I don’t think it is fair. That the medicine men now have a creative outlet of their own? No, hell no, not that. I will share something with you. This is from “Literature, Arts and Medical Blog”:

 

Here are seven special reasons (ranked from most important to least important) why doctors write:

1. Therapy - Physician heal thyself. Nothing promotes healing like writing a poem or short story or even a single glorious sentence. Writing helps a doctor get things off their chest in a much more productive way than yelling at a nurse, ranting at a patient, or being grouchy at home. Poems and stories written as a form of therapy are easy to spot. They have a confessional quality.

2. Exploration - Doctoring is hard. Creative writing is an opportunity for physicians to make sense of what they do. Stories written for the purpose of searching sometimes have themes that focus on medical ethics and boundary issues.
3. Sharing - Doctors can pass along knowledge and experience by writing in clever and vivid ways. Humor and compassion provoke memorable moments in literature. A perfect example is The House of God by Samuel Shem.
4. Joy - Writing is fun. Okay, maybe not always - rewrites, editing, and the evil “writers’ block.” At some level (the spark that begins the project or reading the finished manuscript), there is euphoria. Would you settle for glee?
5. Honor - Writing allows physicians an opportunity to memorialize patients and colleagues. These literary works feature a fictionalized version of a character or an amalgamation of a few people. Creative writing can immortalize someone. P.S.: Doctor-narrators also reap literary longevity.
6. Atonement - Doctors make mistakes. They sometimes behave badly. They have regrets. Stories and poems can be part of their penance. Think “Brute” by Richard Selzer.
7. Notoriety - Let’s not lie to ourselves. Who among us would not want to be a rich and famous author? I don’t know any doctors who would turn down a Pulitzer Prize, National Book Award, or an appearance on The Oprah Winfrey Show. Good luck with that.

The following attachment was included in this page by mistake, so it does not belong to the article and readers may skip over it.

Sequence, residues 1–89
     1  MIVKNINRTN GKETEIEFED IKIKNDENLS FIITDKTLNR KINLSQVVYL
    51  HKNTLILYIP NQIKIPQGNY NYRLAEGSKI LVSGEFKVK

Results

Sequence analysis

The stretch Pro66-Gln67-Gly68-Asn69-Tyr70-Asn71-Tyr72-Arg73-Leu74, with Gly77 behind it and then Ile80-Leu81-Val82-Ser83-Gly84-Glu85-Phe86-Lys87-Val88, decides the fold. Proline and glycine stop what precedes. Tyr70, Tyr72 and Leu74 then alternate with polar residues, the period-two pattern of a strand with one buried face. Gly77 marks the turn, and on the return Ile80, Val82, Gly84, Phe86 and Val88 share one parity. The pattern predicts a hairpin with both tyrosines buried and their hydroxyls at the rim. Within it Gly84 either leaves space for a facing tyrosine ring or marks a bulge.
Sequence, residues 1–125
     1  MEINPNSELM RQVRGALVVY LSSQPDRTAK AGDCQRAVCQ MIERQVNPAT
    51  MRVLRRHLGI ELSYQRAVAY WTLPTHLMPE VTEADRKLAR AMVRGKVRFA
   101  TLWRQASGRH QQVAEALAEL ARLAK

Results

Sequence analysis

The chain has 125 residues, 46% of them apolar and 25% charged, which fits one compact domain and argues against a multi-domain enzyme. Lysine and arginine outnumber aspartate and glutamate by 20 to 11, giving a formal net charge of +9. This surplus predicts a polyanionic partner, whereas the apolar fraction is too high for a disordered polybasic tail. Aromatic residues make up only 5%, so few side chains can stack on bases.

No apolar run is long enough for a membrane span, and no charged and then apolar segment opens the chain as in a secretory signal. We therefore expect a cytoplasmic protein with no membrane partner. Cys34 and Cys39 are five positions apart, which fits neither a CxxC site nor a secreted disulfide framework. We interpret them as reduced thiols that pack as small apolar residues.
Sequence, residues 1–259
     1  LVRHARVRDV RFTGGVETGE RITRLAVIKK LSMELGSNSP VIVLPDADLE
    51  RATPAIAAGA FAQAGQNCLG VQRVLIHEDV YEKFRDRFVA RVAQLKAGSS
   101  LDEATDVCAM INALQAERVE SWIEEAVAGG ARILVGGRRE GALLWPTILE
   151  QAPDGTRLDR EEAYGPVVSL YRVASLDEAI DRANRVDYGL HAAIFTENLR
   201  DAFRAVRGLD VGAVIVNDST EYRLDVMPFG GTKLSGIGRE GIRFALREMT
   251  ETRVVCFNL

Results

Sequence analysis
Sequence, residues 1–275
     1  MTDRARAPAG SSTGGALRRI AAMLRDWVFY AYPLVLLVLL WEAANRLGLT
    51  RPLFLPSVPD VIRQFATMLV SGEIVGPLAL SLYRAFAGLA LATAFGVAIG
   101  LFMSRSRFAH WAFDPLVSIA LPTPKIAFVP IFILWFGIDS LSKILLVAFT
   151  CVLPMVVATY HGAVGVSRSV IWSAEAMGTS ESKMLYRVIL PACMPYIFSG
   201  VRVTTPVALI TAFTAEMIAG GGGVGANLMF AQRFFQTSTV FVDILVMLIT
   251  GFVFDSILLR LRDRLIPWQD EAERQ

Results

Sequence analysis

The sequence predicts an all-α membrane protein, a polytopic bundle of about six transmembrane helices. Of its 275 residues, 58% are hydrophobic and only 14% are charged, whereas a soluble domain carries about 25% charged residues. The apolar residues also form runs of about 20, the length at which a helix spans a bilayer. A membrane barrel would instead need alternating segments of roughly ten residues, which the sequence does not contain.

See what I am talking about? Does that not make you sick? I go see a doctor with an ailment. He turns around and converts me into a fictional character, merges me with another patient so that I don’t get easily recognisable, then if under his watch my feeding tube is placed in my lungs instead of my stomach and I die, he writes about this mistake as a kind of atonement, immortalising me, making a tidy sum from royalties, and then he darts off to buy himself a castle deep in Scotland where he can hole up and write more clever confessions.

 

But that is only the downside. The upside is that there are more people writing stories and poetry and filmscripts etc. That is very good. I am secretly proud that medical people are choosing creative writing rather than perhaps gambling or ten-pin bowling. What does it matter if they draw from the characters they treat or come in contact with? That’s what those of us in Creative Writing who are not in medicine do anyway. To be totally honest, I look forward to a Medical Doctor who would write great medical thrillers and spill the dirt on what really really goes on in hospitals - from the consulting room to the theatre.

 

Happy Reading.

 

Enjoy this issue and spread the word about the SLQ.

 

Nnorom Azuonye

 

London 30th April 2009 

 

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Sentinel Literary Quarterly

 Published by Sentinel Poetry Movement

Editor: Nnorom Azuonye